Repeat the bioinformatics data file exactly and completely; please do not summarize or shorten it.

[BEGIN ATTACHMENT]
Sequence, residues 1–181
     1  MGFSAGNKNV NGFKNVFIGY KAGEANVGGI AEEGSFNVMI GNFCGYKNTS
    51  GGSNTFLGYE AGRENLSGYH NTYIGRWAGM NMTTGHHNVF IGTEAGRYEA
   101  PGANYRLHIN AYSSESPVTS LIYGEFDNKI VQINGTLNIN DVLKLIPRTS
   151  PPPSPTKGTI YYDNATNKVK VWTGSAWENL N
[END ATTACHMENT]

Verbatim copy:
Sequence, residues 1–181
     1  MGFSAGNKNV NGFKNVFIGY KAGEANVGGI AEEGSFNVMI GNFCGYKNTS
    51  GGSNTFLGYE AGRENLSGYH NTYIGRWAGM NMTTGHHNVF IGTEAGRYEA
   101  PGANYRLHIN AYSSESPVTS LIYGEFDNKI VQINGTLNIN DVLKLIPRTS
   151  PPPSPTKGTI YYDNATNKVK VWTGSAWENL N